Essex and Suffolk counties plan to join five other counties in a pilot program providing medications to opioid-addicted inmates, a sign that correctional officials’ resistance to the treatments may be yielding to public pressure and legal action in Massachusetts.
A federal district judge last month ordered Essex Sheriff Kevin F. Coppinger to provide methadone to a prospective inmate, saying that failing to do so could violate the Americans with Disabilities Act and the constitutional prohibition against cruel and unusual punishment.
And US Attorney Andrew E. Lelling recently sent letters to at least two sheriffs, reportedly mentioning the ADA as it applies to addicted inmates in the county houses of correction.
But Coppinger and Suffolk Sheriff Steven W. Tompkins both said in recent interviews that their interest in joining the pilot program pre-dated the suit and Lelling’s letter.
“We always wanted to be involved,” Tompkins said. “We weren’t chosen as part of the five.”
Coppinger and Tompkins have asked the Legislature to add them to the pilot program, established by a 2018 law and due to start in September. While the sheriffs could start offering the medications now, participating in the pilot enables them to work with other counties and addiction experts in developing protocols. It also increases the likelihood of getting state funding.
The sheriffs’ request was welcomed by state Senator Cindy F. Friedman, chairwoman of the Joint Committee on Mental Health, Substance Use, and Recovery. Friedman said she suspected the Essex suit was a “driving force” behind the request, but the motivation doesn’t matter. “I’m completely happy about it,” she said.
In the pilot, Hampden, Hampshire, Middlesex, Norfolk, and Franklin counties will provide the two main medications used to treat opioid addiction — methadone and buprenorphine (often referred to by a trade name, Suboxone) — to inmates who had a prescription when they arrived and also to inmates 30 days before release. The drugs stop withdrawal pains, control cravings, and prevent overdoses.
Although methadone and buprenorphine are standard treatments for opioid addiction, most correctional officials in Massachusetts and elsewhere have refused to provide them, saying the medications — both opioids — are too easily diverted for illicit use.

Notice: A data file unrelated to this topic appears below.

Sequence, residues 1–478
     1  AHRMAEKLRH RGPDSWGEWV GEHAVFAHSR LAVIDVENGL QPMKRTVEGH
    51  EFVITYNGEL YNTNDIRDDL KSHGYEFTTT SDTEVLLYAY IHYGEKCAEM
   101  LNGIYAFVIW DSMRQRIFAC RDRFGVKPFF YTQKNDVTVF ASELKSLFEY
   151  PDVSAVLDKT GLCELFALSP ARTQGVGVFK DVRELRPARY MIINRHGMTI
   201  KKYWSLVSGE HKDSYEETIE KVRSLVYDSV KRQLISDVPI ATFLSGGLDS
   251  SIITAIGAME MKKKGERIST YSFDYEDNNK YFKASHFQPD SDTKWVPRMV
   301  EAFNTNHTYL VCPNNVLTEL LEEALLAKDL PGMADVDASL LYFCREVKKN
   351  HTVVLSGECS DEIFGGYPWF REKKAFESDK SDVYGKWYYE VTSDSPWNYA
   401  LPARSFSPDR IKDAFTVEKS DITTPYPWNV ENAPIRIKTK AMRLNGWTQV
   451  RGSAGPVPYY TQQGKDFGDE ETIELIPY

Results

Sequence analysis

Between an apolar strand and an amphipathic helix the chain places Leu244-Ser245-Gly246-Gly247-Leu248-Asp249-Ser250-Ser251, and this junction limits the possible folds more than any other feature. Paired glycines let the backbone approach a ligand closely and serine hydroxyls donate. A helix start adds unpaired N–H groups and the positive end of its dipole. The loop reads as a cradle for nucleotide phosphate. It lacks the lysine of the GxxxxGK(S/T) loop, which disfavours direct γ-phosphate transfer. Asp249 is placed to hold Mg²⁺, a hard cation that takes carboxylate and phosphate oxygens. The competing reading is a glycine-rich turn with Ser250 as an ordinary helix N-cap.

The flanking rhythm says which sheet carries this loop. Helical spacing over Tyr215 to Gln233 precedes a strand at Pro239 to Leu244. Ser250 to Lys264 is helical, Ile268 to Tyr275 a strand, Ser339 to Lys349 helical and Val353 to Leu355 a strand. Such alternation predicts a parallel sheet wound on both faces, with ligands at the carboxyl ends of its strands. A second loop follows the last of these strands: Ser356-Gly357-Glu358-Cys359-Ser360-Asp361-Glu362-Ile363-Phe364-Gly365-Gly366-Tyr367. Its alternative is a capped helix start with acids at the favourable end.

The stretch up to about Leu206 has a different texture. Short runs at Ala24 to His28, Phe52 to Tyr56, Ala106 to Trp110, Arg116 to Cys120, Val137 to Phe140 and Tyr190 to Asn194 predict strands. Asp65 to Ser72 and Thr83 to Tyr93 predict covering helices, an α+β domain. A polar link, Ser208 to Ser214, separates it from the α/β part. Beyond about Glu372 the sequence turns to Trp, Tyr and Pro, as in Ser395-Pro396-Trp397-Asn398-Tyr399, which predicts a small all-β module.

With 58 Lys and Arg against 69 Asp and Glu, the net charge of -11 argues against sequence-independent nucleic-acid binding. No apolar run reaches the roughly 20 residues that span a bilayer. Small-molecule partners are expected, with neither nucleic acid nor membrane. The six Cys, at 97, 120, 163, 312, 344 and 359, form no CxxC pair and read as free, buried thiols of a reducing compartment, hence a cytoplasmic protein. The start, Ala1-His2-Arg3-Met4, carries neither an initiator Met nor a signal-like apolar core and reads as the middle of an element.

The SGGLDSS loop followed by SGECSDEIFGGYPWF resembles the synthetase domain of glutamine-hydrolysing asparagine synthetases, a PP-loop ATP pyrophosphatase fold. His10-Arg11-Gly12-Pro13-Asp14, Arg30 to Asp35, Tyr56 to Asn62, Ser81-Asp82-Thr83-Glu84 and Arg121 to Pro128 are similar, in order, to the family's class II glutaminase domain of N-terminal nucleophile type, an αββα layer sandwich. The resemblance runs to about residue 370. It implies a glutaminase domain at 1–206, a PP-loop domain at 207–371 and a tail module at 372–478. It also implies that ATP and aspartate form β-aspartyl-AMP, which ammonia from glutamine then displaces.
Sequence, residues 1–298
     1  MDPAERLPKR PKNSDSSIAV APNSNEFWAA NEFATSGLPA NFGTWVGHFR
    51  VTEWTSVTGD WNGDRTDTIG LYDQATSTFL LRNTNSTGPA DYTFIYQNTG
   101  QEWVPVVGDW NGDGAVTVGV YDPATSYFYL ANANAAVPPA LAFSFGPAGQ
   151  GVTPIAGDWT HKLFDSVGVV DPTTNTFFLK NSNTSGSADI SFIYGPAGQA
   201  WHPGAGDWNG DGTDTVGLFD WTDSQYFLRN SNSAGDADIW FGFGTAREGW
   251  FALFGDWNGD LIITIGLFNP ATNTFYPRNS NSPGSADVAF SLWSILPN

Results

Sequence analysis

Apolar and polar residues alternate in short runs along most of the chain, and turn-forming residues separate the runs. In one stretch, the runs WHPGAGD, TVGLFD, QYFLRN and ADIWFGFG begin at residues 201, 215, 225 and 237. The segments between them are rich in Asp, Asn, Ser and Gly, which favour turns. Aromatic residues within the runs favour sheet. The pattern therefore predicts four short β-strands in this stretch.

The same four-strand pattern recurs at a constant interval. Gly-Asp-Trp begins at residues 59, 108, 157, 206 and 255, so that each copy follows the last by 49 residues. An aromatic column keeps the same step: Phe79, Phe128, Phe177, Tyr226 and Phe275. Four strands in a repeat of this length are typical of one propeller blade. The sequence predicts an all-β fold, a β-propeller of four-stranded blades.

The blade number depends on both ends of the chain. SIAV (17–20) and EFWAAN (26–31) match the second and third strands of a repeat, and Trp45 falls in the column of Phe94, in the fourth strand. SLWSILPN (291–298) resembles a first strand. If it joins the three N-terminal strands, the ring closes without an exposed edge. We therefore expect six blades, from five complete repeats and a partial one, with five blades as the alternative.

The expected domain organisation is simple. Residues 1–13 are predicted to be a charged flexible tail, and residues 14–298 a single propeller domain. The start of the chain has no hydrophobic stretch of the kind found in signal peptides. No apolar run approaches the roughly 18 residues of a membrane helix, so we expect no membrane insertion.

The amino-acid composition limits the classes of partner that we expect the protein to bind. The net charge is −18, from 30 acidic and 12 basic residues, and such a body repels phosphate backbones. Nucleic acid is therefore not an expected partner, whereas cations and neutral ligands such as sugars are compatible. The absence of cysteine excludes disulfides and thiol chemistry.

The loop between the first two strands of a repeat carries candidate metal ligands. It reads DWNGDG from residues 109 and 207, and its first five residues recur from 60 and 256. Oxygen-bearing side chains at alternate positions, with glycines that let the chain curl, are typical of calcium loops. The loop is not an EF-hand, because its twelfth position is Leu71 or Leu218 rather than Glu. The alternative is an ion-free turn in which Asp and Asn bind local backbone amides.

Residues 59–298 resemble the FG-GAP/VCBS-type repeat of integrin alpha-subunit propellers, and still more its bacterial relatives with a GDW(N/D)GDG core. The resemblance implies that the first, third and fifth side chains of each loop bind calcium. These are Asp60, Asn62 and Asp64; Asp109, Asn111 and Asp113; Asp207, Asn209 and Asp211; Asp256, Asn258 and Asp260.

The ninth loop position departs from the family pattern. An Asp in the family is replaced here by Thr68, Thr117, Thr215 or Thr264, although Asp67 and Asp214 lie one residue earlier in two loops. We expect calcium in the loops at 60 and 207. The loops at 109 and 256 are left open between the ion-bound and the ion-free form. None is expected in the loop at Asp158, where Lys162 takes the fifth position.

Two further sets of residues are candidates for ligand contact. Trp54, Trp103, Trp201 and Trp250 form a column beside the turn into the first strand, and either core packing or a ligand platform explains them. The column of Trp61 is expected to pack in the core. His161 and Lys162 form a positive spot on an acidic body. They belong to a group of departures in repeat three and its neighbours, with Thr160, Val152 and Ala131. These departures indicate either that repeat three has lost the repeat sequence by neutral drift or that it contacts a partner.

But advocates point out that inmates denied medication treatment undergo excruciating withdrawal pains when incarcerated and frequently die of overdoses after discharge.
The 14 county sheriffs run jails for people awaiting sentencing and houses of correction for inmates with sentences of two-and-a-half years or less. Those with longer sentences are held in the prisons run by the state Department of Correction.
The suit against Essex County, brought by the American Civil Liberties Union of Massachusetts, marked the first time a federal court said failure to provide the medications could violate the ADA and the Constitution.
Coppinger said he intended to comply with the order and had made arrangements to do so, but the plaintiff’s case was continued and he has not been incarcerated.
Coppinger announced that he intended to join the pilot in a statement issued 10 days after the court’s decision in the ACLU case. His legal brief responding to the lawsuit, filed in October, described taking methadone as “simply switching to another dangerous drug.”
‘We need time to do it right.’
But in an interview, Coppinger said, “I was never opposed to methadone.” He said he had considered joining the pilot when it was first discussed in the Legislature, but decided to focus on other issues facing his office.
Coppinger professed a desire to provide appropriate treatment, but said he needs guidance to avoid a costly “logistical nightmare.”
For example, the plaintiff in the ACLU suit, Geoffrey Pesce, will probably stay in a facility that does not have the capacity to store and administer methadone. He would be driven every morning to a methadone clinic to receive his dose, Coppinger said. But in the future, if a methadone patient were a sex offender or an inmate with a serious felony conviction, the security challenges of such transport would be huge, he said.
“This is a fast-approaching new direction for corrections to undertake,” Coppinger said. “We need time to do it right, and we need guidance.”
Coppinger also said that, after receiving the letter from Lelling, the US attorney, the two met to discuss best practices for administering the medications behind bars.
Lelling would not comment on reports that he had sent letters to sheriffs, saying that he can’t confirm or deny an investigation.
But he said: “I’m very supportive of medically assisted treatment. My primary rationale for doing anything in the area of opioid enforcement is fewer people dying. . . . If there is any enforcement approach I can take that will lead to fewer people dying, I’ll do it.”
Middlesex County Sheriff Peter J. Koutoujian, president of the Massachusetts Sheriffs Association, said that Coppinger and Tompkins have been attending the planning meetings for the pilot along with the other five sheriffs.
“Their engagement began months before the lawsuit,” Koutoujian said.Maria Cramer of the Globe staff contributed to this report. Felice J. Freyer can be reached at firstname.lastname@example.org. Follow her on Twitter @felicejfreyer